Marseilles is not as bad as I've heard.
The overnight flight via Lufthansa was more comfortable than any of us imagined, because we were on a new A380 (plane's maiden voyage) and there's leg room in coach, a friendly crew, fully featured seats with a personal video screen and WiFi which I avoided in order to read the new France Guide that I got from the French tourism office. So nice to see that my friend Becca Hensley from last summer's Scandinavia trip has written about her travels in Le Comte, a yummy cheese producing region.
At 5am, when shops are closed, Frankfurt's Fraport is not as glamorous as I recalled. I drag good-natured husband and son to the far reaches of Terminal 2 to find an instant massage and it is certainly not worth the 20 euros I spend there.
Vieux Port and New Marseilles
But we have spent the day in Marseilles. This is the slow road to the Cannes Film Festival, our goal for this family vacation in the south of France in May. Yummy trip.
Fun getting the manual shift Renault from the Europcar lot onto the streets teeming with French drivers who cruise right on your tail (no teaching of 'safe stopping distance' here?) Startling view of new and old architecture; quite tall green glass highrise that twists like a Provencal cheese bread in a basket of croissants.
Our son, Regan, uses an old school Michelin map to navigate us to the Vieux Port for some sightseeing.
At 70kph we realize there's nowhere to park and it's too early to eat so we veer uphill through wonderful neighborhoods and so many boulangeries crowded with children carrying the lunchtime baguettes to the Cathedral of Notre Dame de la Garde. Wonderful views of the bay and the city, France's second largest, spreading out for much farther than we imagined. And from our 500+ meter perch the blue of the sea is quite dazzling. The cathedral is raising money for a museum and, from the charming collection of model fishing boats and WorldWar II era planes that hang from the ceiling — one assumes votives — this will be a really interesting museum.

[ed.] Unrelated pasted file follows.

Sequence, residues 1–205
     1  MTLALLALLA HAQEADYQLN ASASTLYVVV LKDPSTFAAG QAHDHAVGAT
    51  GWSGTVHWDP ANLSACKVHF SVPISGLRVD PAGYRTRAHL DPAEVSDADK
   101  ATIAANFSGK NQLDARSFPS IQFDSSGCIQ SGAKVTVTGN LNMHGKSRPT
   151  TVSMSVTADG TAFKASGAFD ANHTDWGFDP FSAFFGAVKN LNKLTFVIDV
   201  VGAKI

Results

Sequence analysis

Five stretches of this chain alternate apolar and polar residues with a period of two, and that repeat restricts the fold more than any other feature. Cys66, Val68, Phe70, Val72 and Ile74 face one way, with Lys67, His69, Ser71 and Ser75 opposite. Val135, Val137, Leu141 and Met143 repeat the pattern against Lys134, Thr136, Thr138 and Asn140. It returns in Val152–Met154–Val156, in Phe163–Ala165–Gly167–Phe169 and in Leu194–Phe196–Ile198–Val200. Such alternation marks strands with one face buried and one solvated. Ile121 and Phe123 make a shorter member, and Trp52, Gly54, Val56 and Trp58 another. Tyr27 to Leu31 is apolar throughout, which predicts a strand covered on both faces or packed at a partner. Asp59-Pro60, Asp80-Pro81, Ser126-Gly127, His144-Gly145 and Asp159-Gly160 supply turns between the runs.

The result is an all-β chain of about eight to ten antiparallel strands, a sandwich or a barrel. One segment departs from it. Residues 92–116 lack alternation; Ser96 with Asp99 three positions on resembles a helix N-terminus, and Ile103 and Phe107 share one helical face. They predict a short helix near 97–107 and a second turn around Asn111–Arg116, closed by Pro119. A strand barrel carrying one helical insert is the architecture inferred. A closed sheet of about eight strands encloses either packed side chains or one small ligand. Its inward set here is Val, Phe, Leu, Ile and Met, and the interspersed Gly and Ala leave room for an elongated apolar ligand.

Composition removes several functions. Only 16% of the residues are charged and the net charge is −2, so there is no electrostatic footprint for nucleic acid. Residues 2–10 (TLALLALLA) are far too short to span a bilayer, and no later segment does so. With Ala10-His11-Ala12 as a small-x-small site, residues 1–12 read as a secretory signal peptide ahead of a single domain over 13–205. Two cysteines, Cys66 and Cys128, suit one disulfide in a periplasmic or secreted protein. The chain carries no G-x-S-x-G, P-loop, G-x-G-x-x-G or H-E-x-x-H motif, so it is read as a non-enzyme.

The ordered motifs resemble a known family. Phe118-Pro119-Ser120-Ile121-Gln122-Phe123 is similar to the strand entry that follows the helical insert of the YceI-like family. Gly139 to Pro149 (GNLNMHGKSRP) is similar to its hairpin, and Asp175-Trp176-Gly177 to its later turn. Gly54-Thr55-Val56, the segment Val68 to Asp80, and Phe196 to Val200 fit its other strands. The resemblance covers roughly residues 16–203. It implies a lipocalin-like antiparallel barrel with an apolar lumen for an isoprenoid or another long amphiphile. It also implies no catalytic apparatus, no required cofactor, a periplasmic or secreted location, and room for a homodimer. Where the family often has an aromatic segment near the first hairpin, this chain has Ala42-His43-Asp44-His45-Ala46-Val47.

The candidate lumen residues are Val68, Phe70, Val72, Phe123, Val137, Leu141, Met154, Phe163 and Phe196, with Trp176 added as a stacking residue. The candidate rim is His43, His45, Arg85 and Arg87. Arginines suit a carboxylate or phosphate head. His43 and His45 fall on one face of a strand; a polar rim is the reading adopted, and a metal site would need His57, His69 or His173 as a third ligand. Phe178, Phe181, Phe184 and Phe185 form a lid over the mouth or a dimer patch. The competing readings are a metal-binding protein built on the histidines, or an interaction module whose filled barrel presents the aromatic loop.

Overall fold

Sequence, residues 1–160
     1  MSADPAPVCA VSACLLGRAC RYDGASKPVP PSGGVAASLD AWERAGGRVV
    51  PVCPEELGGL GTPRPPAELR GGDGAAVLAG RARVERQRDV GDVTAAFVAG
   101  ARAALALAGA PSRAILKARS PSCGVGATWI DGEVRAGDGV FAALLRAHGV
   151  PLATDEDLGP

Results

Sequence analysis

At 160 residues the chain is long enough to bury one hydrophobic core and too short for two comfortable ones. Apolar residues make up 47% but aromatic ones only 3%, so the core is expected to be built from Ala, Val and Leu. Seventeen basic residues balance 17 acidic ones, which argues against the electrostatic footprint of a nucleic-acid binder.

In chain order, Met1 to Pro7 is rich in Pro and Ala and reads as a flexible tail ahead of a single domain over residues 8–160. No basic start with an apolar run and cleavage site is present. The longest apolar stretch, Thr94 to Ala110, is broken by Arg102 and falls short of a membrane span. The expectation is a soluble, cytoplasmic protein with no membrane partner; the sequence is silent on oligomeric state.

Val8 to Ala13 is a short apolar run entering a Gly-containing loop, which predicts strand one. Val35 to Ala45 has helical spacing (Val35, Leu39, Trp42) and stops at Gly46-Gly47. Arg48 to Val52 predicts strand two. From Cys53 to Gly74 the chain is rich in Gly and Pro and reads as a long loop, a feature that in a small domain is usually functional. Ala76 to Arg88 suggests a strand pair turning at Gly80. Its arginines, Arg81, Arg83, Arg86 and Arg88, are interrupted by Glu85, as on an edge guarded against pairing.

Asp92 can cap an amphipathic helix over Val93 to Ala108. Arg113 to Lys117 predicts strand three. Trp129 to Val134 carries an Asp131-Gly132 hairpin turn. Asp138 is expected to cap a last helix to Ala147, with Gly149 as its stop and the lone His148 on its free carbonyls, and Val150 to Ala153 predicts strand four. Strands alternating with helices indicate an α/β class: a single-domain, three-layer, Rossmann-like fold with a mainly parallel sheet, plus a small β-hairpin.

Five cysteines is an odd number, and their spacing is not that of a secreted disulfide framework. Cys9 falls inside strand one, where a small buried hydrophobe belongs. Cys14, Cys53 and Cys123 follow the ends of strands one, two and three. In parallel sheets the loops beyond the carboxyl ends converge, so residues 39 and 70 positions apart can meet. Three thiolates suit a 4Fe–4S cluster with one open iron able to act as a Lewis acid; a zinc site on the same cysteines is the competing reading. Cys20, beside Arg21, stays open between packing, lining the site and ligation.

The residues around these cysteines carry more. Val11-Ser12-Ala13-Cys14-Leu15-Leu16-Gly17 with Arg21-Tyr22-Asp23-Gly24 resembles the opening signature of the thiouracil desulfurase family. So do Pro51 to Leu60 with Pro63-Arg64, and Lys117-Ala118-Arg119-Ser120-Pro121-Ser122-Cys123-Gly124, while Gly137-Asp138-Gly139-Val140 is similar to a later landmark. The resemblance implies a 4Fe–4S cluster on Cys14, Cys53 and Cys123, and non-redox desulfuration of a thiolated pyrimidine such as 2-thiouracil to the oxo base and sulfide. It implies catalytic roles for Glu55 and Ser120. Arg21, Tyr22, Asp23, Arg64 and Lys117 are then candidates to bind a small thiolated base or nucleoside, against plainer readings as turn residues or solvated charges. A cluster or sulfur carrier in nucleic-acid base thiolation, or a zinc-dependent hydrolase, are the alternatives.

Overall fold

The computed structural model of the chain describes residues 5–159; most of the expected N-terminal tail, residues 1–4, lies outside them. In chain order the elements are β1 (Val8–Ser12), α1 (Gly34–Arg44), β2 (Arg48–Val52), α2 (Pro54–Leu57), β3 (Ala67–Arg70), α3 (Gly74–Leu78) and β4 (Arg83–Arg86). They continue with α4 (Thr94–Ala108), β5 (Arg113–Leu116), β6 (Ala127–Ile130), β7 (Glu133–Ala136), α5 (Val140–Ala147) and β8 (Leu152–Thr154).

Le Corniche de Marseilles and on to Les Goudes
From this vantage we roll downhill till we hit the seafront drive, Le Corniche, then turn south and east to the village of Les Goudes where we have read there is good fish soup. True. Snaking lines of teen beach traffic, maybe no one's in school, and lots of single file children following sexy French teachers along the lanes of these small towns.
We park in Les Goudes at some sort of official security office for the marina but miraculously we do not find a ticket when we return.
At Auberge des Corsaires there is a chalkboard menu: today it's Dorado grilled with garlic or a Loup fish on a bed of local vegetables. Regan orders this and Ron gets the soupe du pecheur.
The lovely waitress who giggles at my French brings a big bowl of stale baguette pieces and a glass full of mustard and a second glass full of grated gruyere. While she helps the cook, Ron must slather each 'crouton' with mustard and then heap cheese onto it, and arrange them nicely at the bottom of the bowl she has brought him. When she returns with the soup, she explains, she will pour it on top, the cheese will melt, the mustard will add the last of the needed spices and he will be able to eat.
I go for the grilled moules et frites, delicious tiny mussels like button earrings. Doused in sweet young garlic cloves, mussels with barnacles on their shells as if they are pulled straight from the boat pier next to our deck.
Marseilles is slated to be a European cultural capital for 2013 and tying in their museums will help consolidate the attractions and focus visitor interest.
We hear the prosperous port city is plagued by strikes among the dock workers, causing many businesses to forego this beautiful natural harbor in favor of Antwerp or Hamburg.
Nonetheless, the charme de France is visible here; we hope Marseilles finds its tourism mojo and puts on a better face for the world.
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